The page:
ProductHow my 2-year-old daughter taught me a valuable Product-Management lesson

Paulo Ávila

Paulo Ávila

3 minutes read

My youngest daughter is 2yrs old. It's an amazing phase where she's accelerating her ability to speak and advancing other forms of interaction. This also means she's primed for communication from having gone through months of understanding people but being unable to respond in kind.

Result: Even though there are frustrating moments, our ability to “communicate” is at an all-time high.

From her perspective: She is talking (or at least she thinks she’s producing the right noises to form words) but sometimes, not able to understand why I can't comprehend her. Often all I hear is gibberish and many times, I'm unable to decipher even the mixed languages she's using. Perhaps even worse, I think I understand and respond appropriately only to find her repeating the same thing, over

and over
and over ...

However, we always find a way to “communicate”.

A specific interaction with my daughter this morning taught me a lesson related to how we carry out discovery during product development — more specifically when we interact with customers or ingest feedback and translate them as problems-to-be-solved.

After her morning shower, I gave my daughter a thin comb from the drawer and asked her to comb her hair while I advanced our routine. Upon returning, there was no hair brush to be found! I asked her where the comb was and she started pointing to the drawer and making noises which I imagine meant - "I put it in the drawer where you got it from, you twit" 😅

I opened the drawer, and….. nothing!

"Where is the comb?" I asked sweetly.

Same response from her - pointing and noises.

"But look, I don't see it inside" I repeated.

Still, same response from her.

I picked her up to show her that it wasn't in the drawer. We both looked at each other with a confused look.

Foreshadow alert: we were each confused about different things, it turns out.

"Never mind!" I concluded, "I'll find it later.", putting her down and closing the drawer in front of her.

She started repeating herself and pointing at the drawer again. I continued to walk out of the bathroom only this time I noticed that her pointing finger wasn't on the face of the drawer but in the small gap above the drawer. Continuing to walk out, I said out loud: "I understand, you slipped the comb through the crack. That's convenient. And fun!” in an effort to narrate what she’s attempting to say on her behalf, as parents often do.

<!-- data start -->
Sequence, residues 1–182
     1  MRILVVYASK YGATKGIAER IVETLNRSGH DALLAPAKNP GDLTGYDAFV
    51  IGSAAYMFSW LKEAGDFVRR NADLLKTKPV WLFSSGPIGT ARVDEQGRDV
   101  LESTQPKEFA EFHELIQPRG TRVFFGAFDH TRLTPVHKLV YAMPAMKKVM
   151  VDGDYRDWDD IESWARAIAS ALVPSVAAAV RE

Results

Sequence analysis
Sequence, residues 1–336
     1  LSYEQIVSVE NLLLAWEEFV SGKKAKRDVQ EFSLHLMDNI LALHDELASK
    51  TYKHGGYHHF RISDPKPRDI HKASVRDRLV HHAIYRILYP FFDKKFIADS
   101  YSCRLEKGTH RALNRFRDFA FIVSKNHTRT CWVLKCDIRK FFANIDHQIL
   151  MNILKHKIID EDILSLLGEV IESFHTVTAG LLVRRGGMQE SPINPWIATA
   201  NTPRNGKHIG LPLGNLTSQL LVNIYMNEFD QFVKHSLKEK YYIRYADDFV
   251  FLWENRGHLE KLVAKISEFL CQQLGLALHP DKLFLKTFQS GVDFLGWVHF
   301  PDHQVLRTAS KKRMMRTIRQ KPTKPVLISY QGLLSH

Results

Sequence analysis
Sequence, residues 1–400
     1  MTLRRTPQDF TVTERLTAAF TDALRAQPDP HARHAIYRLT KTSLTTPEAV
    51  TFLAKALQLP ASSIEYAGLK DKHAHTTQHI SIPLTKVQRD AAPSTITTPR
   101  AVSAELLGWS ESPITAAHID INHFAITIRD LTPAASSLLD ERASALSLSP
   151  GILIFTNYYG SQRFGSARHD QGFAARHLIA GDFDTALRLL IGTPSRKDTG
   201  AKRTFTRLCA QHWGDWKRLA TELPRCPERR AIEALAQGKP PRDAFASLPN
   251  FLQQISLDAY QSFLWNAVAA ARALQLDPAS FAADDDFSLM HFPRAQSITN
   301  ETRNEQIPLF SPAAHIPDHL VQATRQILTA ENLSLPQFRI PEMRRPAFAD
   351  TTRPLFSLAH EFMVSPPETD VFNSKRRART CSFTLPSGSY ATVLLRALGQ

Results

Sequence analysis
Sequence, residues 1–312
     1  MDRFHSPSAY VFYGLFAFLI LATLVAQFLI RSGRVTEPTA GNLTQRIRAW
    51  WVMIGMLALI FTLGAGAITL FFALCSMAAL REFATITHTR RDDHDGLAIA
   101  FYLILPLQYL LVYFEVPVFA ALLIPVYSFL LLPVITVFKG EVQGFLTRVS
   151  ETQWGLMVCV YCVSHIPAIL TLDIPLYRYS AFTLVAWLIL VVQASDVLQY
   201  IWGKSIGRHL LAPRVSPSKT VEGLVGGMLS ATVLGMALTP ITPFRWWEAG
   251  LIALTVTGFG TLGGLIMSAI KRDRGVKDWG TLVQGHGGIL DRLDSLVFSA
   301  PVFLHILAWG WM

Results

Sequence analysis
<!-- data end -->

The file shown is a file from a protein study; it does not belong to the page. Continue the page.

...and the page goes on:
Then, in a surge of parental patience, I turned around and knelt down next to her to give her a hug and reassure her that it isn't important right now and that I would look for it later. She stopped pointing and just looked back and forth between me and the drawer. So, I looked at the drawer, and then I saw it! The comb had wedged itself in the smallest gap underneath the countertop and the drawer, impossible to see from my perspective while standing up, but very visible from her height! Yay! 😃

Product development morale: It is indeed very easy for the subtle details to be lost in seemingly straightforward communication, and sometimes it's impossible to truly understand a situation unless you take the time to look at it from different points of view (literally).

Ask a lot and listen even more. Don't make assumptions or put words in customers mouths.

Strive to make your user research and customer discovery lossless!

Paulo Ávila
Product Lead

sociable introvert

Paulo leads one of our product groups at Factorial. He likes photography and building things with his hands both “in the cloud” and down here on earth. He appreciates intelligent humour, cold milk, and a neatly arranged desktop.

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